Suthers' reefer madness 

City Sage

According to a poll commissioned by FOX 21 News and the Independent, John Suthers has a comfortable lead in the mayoral race, which may increase as undecided voters make up their minds.

The canny Suthers is running a Reaganesque campaign, full of airy generalities and comfortable platitudes. Did he support the Pikes Peak Regional Drainage Authority? Will he push forward on City for Champions? Will he yield to Council's demand to appoint its own staffers and hire its own attorney?

His website, unlike those of Mary Lou Makepeace and Amy Lathen, has neither action plans nor specific policies.

Suthers portrays himself as one who is above partisan battles, whose only concern during his 13-year tenure as Colorado attorney general was to uphold the state constitution and represent the people of Colorado.

There's an old saying about trial attorneys: "If the facts are on your side, pound the facts. If the law is on your side, pound the law. And if neither the law nor the facts are on your side, pound the table!"

As attorney general, Suthers fiercely opposed gay marriage, certain provisions of the Affordable Care Act and marijuana legalization. He argues that his position obliged him to do so, but his actions and public statements often seem taken directly from the Republican playbook.

It seems that he spent a lot of time pounding the table.

In an October 2012 radio interview, Suthers repeated and even exaggerated several anti-marijuana canards.

"In fact," Suthers told the interviewer on Denver station KLZ-AM 560, "if you start smoking marijuana before the age of 18, you've got a 1 in 4 chance of being a serious drug addict." (You can find the whole transcript at tiny.cc/i67vux.)

Suthers may have been citing some dubious stats from anti-dope crusaders that actually put the likelihood of marijuana dependency at 1 of 6 youthful users. But with safety in mind, I thought I'd better informally survey some of my colleagues. Of the dozen or so folks questioned, two had never smoked marijuana, while the rest of us had first toked between ages 14 and 19. Since I often ingest an edible at bedtime as a sleep aid, I guess I'm the only serious drug addict in the office — everyone else is drearily straight.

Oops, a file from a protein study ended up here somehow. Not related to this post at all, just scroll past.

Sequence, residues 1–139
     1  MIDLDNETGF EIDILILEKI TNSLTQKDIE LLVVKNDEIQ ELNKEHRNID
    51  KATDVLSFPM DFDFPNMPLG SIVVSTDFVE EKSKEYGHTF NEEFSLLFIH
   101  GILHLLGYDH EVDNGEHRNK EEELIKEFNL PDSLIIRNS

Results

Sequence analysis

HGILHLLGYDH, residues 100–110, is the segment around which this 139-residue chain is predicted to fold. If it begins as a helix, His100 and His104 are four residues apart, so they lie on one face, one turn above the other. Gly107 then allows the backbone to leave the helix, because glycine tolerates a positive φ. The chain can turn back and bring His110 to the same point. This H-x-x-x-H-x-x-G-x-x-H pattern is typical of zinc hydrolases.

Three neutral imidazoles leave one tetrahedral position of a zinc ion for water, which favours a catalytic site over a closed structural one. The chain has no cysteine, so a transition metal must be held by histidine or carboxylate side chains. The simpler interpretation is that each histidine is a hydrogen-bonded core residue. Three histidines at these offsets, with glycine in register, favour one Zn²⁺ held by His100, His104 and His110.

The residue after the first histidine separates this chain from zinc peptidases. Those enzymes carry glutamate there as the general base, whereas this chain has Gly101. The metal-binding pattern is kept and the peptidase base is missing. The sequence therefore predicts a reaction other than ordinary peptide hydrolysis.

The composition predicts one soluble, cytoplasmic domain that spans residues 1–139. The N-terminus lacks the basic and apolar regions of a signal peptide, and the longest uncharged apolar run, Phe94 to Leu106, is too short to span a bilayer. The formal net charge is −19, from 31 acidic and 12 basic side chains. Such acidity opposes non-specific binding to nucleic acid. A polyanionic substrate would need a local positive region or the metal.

In a March 2012 Scientific American article, authors Hal Arkowitz and Scott O. Lilienfeld wrote about the supposed addictive qualities of the demon weed.

"Of those who had tried marijuana at least once," they wrote, referring to a large-scale 1994 survey, "about 9 percent eventually fit a diagnosis of cannabis dependence. The corresponding figure for alcohol was 15 percent; for cocaine, 17 percent; for heroin, 23 percent; and for nicotine, 32 percent. So although marijuana may be addictive for some, 91 percent of those who try it do not get hooked."

Suthers' next assertion seemed to be fact-based.

"And one of the emergency admissions," he continued, "and you can look this up, in the National Institute of Health, we've got skyrocketing — marijuana is second to alcohol in the cause of emergency room admissions."

I did look it up, and it turns out that the NIH figures actually put marijuana third, behind cocaine. More importantly, as Christopher Ingraham wrote for the Washington Post in 2014, the marijuana stat is a "decontextualized factoid."

"These numbers are meaningless," Ingraham explained, "without knowing how many people are using the drugs to start with. When you consider that there are approximately 70 times more marijuana users than heroin users in the United States, it makes sense that more of the former are going to the hospital than the latter."

Asked this week about the "decontextualized factoid" argument, Suthers was unwavering: "I don't think there's anything wrong, stating the facts. If you want to say it's out of context, go ahead."

I'm not a lawyer, but I think I've got a winning case.

Your honor, Mr. Suthers' assertions are without sound basis in fact. I ask for a dismissal of all charges against my client, Ms. Marijuana, and a directed verdict of not guilty!

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